Referring now to FIG. 3, an elliptical laser beam 160 having a major axis width of unity is incident upon prism 150 having refractive index N. The apex angle of the prism is θ. The beam enters the prism at surface 162 at an angle of 90°, and is incident on surface 164 at angle θ. Due to refraction, the beam leaves surface 164 at angle θ'. θ' is related to θ by the following expression:
n sin θ=sin θ'. Eq. 8
If the beam has unity width entering the prism, and width m exiting surface 164, then ##EQU5##
The minor axis is incident upon the prism in a direction parallel to the surfaces through which the beam passed, and is not affected by the prism.
If two identical prisms are used in order to have the corrected beam parallel to the incident beam, the effect of the two lasers on the incident wave shape will be 1:m2. (This two-prism arrangement is illustrated in FIG. 4.) Thus, to correct an incident beam of width m to unity using a two-prism arrangement, ##EQU6##
As an example of this correction, assume the ratio of the major and minor axis of the incident beam is 14:5.6. The correction factor is 0.4, i.e. 5.6/14. Hence m=√0.4=0.632, with θ=30°, N=1.67 and θ'=56.6°.
Table 8 illustrates the dependence of the correction factor m on the prism apex angle θ, when using BK7 with refractive index of 1.5 as the prism material.
TABLE 8______________________________________θ θ' m m2______________________________________30° 48.6° 0.764 0.58433° 54.8° 0.688 0.47334° 57.0° 0.657 0.43235° 59.4° 0.622 0.386______________________________________
Table 9 illustrates the dependence of the correction factor m on the magnitude of the refractive index of the prism material, with a fixed apex angle θ of 30°.
TABLE 9______________________________________N θ' m m2______________________________________1.5 48.6° 0.764 0.5841.6 53.1° 0.693 0.480 1.64 55.1° 0.661 0.4371.7 58.2° 0.608 0.370______________________________________
The compensation factor is sensitive to variations both in the apex angle and the refractive index of the prism material, as shown in Tables 8 and 9. Using a high refractive index prism material results in better polarization, and a prism material with a relatively high refractive index is suited to the invented beam collimator. The prism apex angle is therefore the preferable parameter to be adjusted in dependence upon the particular elliptical characteristic to be compensated.
The above-described principles are applied to produce the beam collimator/polarizer shown in FIG. 6. Prisms 300 and 350 are prisms, having equal respective apex angles 302 and 352 of 30°. An (L,H)3 multilayer coating is applied to each of surfaces 304 of prism 300 and 354 of prism 350. It has been found that six layers provide optimum efficiency for the polarizer.
The coating thicknesses are designed for a one micron wavelength, and each has a depth of one optical one-quarter wavelength. The low refractive index material comprises MgF2 (NL =1.38), and the high refractive index material comprises AlO3 (NH =1.65). Since one-quarter of a micron is 250 nanometers, an optical one-quarter wavelength for MgF2 is 250/1.38 or 181.15 nanometers, and for AlO3 is 250/1.65 or 151.5 nanometers. Thus, the total thickness for the six-layer coating shown in FIG. 6 is 3(181.15+151.5), or about 998 nanometers, approximately one micron.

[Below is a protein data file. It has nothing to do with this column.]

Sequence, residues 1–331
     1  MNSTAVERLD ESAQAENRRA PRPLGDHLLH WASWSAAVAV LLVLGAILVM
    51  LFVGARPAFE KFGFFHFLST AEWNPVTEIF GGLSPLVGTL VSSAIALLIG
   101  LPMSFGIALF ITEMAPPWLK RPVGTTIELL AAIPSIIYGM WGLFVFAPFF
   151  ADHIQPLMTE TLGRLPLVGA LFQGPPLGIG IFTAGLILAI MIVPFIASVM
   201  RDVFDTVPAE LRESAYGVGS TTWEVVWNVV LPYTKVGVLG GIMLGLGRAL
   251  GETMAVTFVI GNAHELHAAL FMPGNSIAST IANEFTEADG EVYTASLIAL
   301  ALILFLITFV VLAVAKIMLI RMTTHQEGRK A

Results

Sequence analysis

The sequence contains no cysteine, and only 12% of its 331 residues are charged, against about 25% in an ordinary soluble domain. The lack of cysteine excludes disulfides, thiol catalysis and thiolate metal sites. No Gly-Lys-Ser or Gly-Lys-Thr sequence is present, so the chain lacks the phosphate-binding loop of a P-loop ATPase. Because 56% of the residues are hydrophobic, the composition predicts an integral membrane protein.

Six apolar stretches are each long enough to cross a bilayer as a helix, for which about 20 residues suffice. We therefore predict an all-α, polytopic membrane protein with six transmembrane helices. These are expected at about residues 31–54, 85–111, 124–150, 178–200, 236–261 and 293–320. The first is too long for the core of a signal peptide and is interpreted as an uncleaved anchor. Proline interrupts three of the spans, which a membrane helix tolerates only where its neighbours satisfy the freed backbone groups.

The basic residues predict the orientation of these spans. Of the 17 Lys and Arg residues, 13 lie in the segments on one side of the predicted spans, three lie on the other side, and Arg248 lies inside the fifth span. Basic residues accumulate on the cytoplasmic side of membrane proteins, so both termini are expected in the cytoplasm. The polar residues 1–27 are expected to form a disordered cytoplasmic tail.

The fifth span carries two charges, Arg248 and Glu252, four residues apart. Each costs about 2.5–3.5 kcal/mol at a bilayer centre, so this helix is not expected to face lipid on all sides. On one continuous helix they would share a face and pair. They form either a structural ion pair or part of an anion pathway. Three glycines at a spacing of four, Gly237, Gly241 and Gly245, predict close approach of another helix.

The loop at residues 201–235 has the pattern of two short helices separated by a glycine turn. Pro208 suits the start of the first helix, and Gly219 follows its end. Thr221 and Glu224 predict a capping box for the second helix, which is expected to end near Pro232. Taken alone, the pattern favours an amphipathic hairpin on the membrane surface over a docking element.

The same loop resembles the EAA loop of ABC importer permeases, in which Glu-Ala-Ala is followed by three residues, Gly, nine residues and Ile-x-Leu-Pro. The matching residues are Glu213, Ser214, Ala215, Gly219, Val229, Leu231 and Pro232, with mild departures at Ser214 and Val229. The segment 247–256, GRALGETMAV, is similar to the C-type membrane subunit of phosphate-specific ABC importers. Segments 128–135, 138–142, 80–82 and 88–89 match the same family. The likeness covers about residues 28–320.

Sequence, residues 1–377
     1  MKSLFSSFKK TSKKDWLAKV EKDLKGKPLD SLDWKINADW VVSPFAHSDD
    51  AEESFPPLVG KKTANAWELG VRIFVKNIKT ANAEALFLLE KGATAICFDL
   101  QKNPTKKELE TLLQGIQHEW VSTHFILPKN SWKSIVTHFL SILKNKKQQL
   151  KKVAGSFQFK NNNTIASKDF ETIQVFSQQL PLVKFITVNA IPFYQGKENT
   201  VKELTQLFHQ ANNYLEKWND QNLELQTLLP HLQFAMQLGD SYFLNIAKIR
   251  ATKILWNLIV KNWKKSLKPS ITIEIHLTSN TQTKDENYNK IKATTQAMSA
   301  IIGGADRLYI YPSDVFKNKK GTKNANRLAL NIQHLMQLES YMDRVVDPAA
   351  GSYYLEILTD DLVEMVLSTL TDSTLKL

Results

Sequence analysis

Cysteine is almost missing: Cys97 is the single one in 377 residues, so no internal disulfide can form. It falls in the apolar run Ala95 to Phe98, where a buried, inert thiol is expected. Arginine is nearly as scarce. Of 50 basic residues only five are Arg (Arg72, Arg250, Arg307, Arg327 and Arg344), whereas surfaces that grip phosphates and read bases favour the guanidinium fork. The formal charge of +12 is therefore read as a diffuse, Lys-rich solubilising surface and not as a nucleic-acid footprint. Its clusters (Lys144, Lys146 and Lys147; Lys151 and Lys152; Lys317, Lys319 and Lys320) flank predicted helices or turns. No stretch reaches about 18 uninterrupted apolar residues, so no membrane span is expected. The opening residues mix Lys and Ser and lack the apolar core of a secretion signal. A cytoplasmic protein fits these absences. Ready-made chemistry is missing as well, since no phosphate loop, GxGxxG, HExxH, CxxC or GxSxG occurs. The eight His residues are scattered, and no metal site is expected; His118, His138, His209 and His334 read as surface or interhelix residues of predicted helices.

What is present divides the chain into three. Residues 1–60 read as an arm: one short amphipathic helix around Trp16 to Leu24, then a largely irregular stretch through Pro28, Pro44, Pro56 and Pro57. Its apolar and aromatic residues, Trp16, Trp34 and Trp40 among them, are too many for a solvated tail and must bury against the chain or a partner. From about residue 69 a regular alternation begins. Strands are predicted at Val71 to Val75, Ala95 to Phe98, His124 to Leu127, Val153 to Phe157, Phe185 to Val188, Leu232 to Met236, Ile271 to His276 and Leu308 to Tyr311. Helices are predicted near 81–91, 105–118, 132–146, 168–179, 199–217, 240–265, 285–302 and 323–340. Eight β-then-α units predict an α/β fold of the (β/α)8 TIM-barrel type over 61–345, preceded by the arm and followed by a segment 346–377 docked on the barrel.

For an eight layer coating, the total thickness is 4(181.15+151.5), or 1330.6 nanometers. Very high precision in forming the layers would be required to avoid the so scattering, which phenomenon destroys the polarization. Thus, while theoretically an eight-layer structure should provide higher polarization than a six-layer structure, in practice inferior polarization efficiency is observed.
Although the (1/4; 1/4) repeated multilayer is a basic and preferred structure, it is not necessary to the practice of the invention. Non-quarter wavelength structures can also be used. See U.S. Military Handbook, MIL-HDBK-141, by P. Baumeister, at page 20-91. For the polarizing filter, the number of layers controls the overall polarization. For example, (1/4; 0.7/0.4) or (1/4; 3/4) multilayer structures can be utilized. The important feature is the alternate multilayer structure.
The apex angles of the prisms 300 and 350 will be selected in dependence upon the oval intensity distribution of the particular diode laser, as discussed hereinabove.
A typical arrangement in which the invented collimator is used is shown in FIG. 7. A conventional collimating lens 410 is disposed between diode laser 400 and the collimator 420 of the present invention. With the two-prism arragement, the polarized laser beam out of collimator 420 will be parallel to the collimated beam out of the lens 410.
While the above discloses the preferred embodiments of the present invention, it should be understood that various modifications are possible within the scope of this invention by workers skilled in the art and accordingly the invention should be measured solely from the following claims.
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|U.S. Classification||359/485.02, 359/669, 359/586, 359/485.06, 359/485.03|
|International Classification||G02B5/30, G02B27/09|
|Cooperative Classification||G02B19/0052, G02B19/0014, G02B27/0972, G02B5/3033, G02B27/09|
|European Classification||G02B5/30P1, G02B27/09, G02B27/09S2P, G02B27/09F|
|May 6, 1985||AS||Assignment|
Owner name: PRICE JOSEPH W. 116 VIA UNDINE, NEWPORT BEACH, CA
Free format text: ASSIGNMENT OF ASSIGNORS INTEREST.;ASSIGNORS:ADACHI, IWAO P.;YAMADA, YAHIKO;REEL/FRAME:004395/0968
Effective date: 19850426
|Jan 27, 1987||CC||Certificate of correction|
|Mar 5, 1990||FPAY||Fee payment|
Year of fee payment: 4
|Feb 22, 1994||FPAY||Fee payment|
Year of fee payment: 8
|Mar 24, 1998||REMI||Maintenance fee reminder mailed|
|Aug 30, 1998||LAPS||Lapse for failure to pay maintenance fees|
|Nov 10, 1998||FP||Expired due to failure to pay maintenance fee|
Effective date: 19980902